On May 1-3, an Emergency Alerting Policy Workshop was held in Montreal, Quebec, Canada. The event focused mainly on use of the Common Alerting Protocol (CAP), and was sponsored by the Organization for the Advancement of Structured Information Standards (OASIS), International Telecommunications Union (ITU), World Meteorological Organization (WMO), Environment Canada (Canada’s weather bureau), Public Safety Canada (responsible for public alerting and alerting between officials), and Canada Center for Security Sciences. Many interesting policy issues were discussed, including the unique challenges of Google.org regarding its Google Public Alerts feature.
Challenges facing Google Public Alerts
Google monitors CAP feeds and displays the alerts in both Google search results and Google Maps accessed for the affected area. Placement on the search results page is dependent on the values in the CAP Urgency, Severity and Certainty elements. In addition to the alert itself, Google displays any relevant media reports or other related stories, such as reports of flooded roads shown next to a Flash Flood Warning. If an alert is not of sufficient importance to show up on its own in a search, a specific search for terms in the alert will return the alert in search results.
Google’s primary request of originators is that they use CAP and stick to the specification, make the feed publically available, and use web-accessible formats like RSS and Atom or use Emergency Data Exchange Language Distribution Element (EDXL-DE). Google said they are seeing a lot of “bad” CAP, and they would like a mechanism to provide feedback to alert originators – how might that be done? Google is currently using CAP feeds from the National Weather Service (NWS) and United States Geological Survey (USGS). They will soon be getting alerts from FEMA’s Integrated Public Alert and Warning System (IPAWS) and Canada’s National Alert Aggregation and Dissemination System (NAADS).
One of Google’s dilemmas is where to go next – how do they identify additional legitimate CAP feeds? It was mentioned that WMO has a posted Register of Alerting Authority, but that is primarily only weather-related agencies. Another ask from Google was for a global Event List. While participants felt it may be an uphill battle to convince all countries to use the same list, Google requested that at a minimum any CAP alert originators post their Event List in a free and open manner. Currently, Google displays its own event code description with each alert. The issues Google presented are good food for thought for all alert originators as more third party disseminators come online.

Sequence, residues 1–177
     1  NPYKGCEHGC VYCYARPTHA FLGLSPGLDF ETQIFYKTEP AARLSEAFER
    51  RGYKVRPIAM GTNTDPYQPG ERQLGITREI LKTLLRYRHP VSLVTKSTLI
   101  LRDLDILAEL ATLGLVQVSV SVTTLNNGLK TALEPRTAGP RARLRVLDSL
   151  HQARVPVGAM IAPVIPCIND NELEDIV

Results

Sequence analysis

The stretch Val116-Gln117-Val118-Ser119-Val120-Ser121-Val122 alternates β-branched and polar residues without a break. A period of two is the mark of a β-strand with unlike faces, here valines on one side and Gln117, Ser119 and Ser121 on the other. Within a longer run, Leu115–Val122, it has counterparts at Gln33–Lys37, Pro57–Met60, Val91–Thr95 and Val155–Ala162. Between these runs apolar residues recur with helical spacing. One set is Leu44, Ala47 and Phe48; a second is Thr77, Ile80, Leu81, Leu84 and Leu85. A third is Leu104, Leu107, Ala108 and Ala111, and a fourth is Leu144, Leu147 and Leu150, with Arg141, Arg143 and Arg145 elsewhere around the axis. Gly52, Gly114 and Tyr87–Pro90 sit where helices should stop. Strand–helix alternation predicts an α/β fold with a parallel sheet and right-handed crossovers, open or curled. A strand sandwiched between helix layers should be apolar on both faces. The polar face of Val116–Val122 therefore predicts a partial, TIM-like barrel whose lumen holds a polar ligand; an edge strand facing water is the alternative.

Alerting Across International Borders
Issues facing the U.S. and Canada regarding cross-border alerting were brought up. Greater harmonization between the CAP Profiles of the two countries is needed. Here are a few examples of the divergence:
- Canada has 140 event codes; the U.S. has far fewer.
- Canada uses an Incident Layer, a second polygon that defines the area of the actual incident within the greater area that is being alerted; the U.S. does not.
- The U.S. has a cell broadcast mobile alerting system; Canada does not.
- The U.S. requires its broadcasters and cable operators to have a CAP decoder to air CAP alerts; Canada does not.
Despite these outstanding differences, the U.S. and Canada recently established connections between their two systems and are able to exchange alert messages – because they are both CAP-based. With the hurdles of interconnection behind them, these two countries can now concentrate on capitalizing on the strengths of each other’s systems.
It was noted that the use of CAP is spreading around the globe. Italy is using CAP; China is beginning to use CAP, using various CAP elements for their different dissemination means; Japan is using a format called JMX, which can be converted to CAP; Switzerland is also using a format similar to CAP, and the official who attended the workshop wants to convert the country to CAP; the meteorological agency in Sweden has been using CAP since 2009, and wants to convince other Swedish agencies to convert to CAP.
While the assembled 80-90 participants from the emergency alerting community knew we wouldn’t be establishing global CAP policy harmonization in this one session, it did reveal the greater needs of message consumers and what individual alerting systems can do to make their CAP alerts more user friendly.
The three-day workshop ended with a CAP alerting interoperability demonstration featuring vendors MyStateUSA, ESRI, Google, and Cellcast, all originating, exchanging and/or displaying CAP alerts from FEMA’s IPAWS and Canada’s Multi-Agency Situational Awareness System Information Exchange (MASAS-X). A similar workshop is being planned for 2013.